By sending a whole stream of probes, you get more data, and also redundancy. Any encounter with interstellar dust would be fatal for a thin, flimsy disc traveling at cosmic speeds. A few hundred probes would probably be enough to guarantee that one slipped through—although it’s not a certainty.

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Here are 50 ungated pieces of wonderful journalism from 2015, alphabetized by author name, which made me consider something new or reconsider old beliefs or just delighted me. (Some selections are from gated publications that allow a number of free articles per month.) If your excellent work isn’t on the list, that’s more my fault than yours.

  • Who Runs the Streets of New Orleans?” (David Amsden, The New York Times Magazine) As private and public sector missions increasingly overlap, here’s an engaging look at the privatization of some policing in the French Quarter.
  • In the Beginning” (Ross Andersen, Aeon) A bold and epic essay about the elusive search for the origins of the universe.
  • Ask Me Anything (Anonymous, Reddit) A 92-year-old German woman who was born into Nazism (and participated in it) sadly absolves herself of all blame while answering questions about that horrible time.
  • Rethinking Extinction” (Stewart Brand, Aeon) The Whole Earth Catalog founder thinks the chance of climate-change catastrophe overrated, arguing we should utilize biotech to repopulate dwindling species.
  • Anchorman: The Legend of Don Lemon” (Taffy Brodesser-Akner, GQ) A deeply entertaining look into the perplexing facehole of Jeff Zucker’s most gormless word-sayer and, by extension, the larger cable-news zeitgeist.
  • How Social Media Is Ruining Politics(Nicholas Carr, Politico) A lament that our shiny new tools have provided provocative trolls far more credibility than a centralized media ever allowed for.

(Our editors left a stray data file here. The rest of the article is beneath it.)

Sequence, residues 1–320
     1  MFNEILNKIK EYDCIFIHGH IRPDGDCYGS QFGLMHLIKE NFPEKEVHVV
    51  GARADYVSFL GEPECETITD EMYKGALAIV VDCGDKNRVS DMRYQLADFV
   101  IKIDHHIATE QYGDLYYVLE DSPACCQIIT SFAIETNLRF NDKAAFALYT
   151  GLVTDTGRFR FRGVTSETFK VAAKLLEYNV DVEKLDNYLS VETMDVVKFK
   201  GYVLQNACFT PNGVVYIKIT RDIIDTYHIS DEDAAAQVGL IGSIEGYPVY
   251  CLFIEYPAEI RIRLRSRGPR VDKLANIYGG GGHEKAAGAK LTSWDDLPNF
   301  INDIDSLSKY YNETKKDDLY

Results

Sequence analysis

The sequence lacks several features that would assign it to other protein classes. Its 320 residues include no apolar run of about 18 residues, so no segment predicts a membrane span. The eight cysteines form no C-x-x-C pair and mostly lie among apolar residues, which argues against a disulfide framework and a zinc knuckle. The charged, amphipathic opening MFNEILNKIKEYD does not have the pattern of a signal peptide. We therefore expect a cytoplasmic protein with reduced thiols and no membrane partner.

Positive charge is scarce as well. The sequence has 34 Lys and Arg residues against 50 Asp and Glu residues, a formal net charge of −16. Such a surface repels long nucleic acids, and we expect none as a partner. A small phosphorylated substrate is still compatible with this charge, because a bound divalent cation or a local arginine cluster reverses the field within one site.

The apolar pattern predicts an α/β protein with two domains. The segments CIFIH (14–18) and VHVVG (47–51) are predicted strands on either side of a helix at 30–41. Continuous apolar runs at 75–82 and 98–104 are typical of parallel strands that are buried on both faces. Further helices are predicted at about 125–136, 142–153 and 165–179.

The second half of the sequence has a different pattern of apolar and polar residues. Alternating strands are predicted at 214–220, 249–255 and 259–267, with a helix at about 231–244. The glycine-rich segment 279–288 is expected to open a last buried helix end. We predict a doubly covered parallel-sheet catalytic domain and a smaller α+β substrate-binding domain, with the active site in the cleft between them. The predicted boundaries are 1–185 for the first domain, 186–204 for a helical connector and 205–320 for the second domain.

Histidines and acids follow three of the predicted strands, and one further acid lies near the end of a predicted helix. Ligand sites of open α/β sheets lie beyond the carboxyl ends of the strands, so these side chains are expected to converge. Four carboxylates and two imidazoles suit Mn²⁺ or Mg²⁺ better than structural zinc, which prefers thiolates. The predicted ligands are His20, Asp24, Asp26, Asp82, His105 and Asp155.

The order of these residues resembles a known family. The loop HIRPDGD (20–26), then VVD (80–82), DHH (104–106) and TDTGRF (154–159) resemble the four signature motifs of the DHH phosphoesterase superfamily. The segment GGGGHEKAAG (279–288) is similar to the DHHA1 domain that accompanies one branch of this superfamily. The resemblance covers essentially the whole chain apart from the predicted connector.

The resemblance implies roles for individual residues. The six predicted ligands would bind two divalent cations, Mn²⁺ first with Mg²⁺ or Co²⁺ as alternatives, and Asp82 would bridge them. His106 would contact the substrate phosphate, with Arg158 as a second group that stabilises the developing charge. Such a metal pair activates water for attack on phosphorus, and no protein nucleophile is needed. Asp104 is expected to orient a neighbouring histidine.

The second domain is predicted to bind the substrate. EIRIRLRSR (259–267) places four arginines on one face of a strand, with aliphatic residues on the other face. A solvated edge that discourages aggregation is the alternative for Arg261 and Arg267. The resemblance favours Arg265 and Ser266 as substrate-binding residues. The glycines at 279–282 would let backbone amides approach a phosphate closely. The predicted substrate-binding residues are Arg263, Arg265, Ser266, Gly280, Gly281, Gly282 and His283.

• Clans of the Cathode” (Tom Carson, The Baffler) One of our best culture critics looks at the meaning of various American sitcom families through the medium’s history.
  • The Black Family in the Age of Mass Incarceration” (Ta-Nehisi Coates, The Atlantic) The author examines the tragedy of the African-American community being turned into a penal colony, explaining the origins of the catastrophic policy failure.
  • Perfect Genetic Knowledge” (Dawn Field, Aeon) The essayist thinks about a future in which we’ve achieved “perfect knowledge” of whole-planet genetics.
  • A Strangely Funny Russian Genius” (Ian Frazier, The New York Review of Books) Daniil Kharms was a very funny writer, if you appreciate slapstick that ends in a body count.
  • Tomorrow’s Advance Man” (Tad Friend, The New Yorker) Profile of Silicon Valley strongman Marc Andreessen and his milieu, an enchanted land in which adults dream of riding unicorns.
  • Build-a-Brain” (Michael Graziano, Aeon) The neuroscientist’s ambitious thought experiment about machine intelligence is a piece I thought about continuously throughout the year.
  • Ask Me Anything (Stephen Hawking, Reddit) Among other things, the physicist warns that the real threat of superintelligent machines isn’t malice but relentless competence.
  • Engineering Humans for War” (Annie Jacobsen, The Atlantic) War is inhuman, it’s been said, and the Pentagon wants to make it more so by employing bleeding-edge biology and technology to create super soldiers.
  • The Wrong Head” (Mike Jay, London Review of Books) A look at insanity in 1840s France, which demonstrates that mental illness is often expressed in terms of the era in which it’s experienced.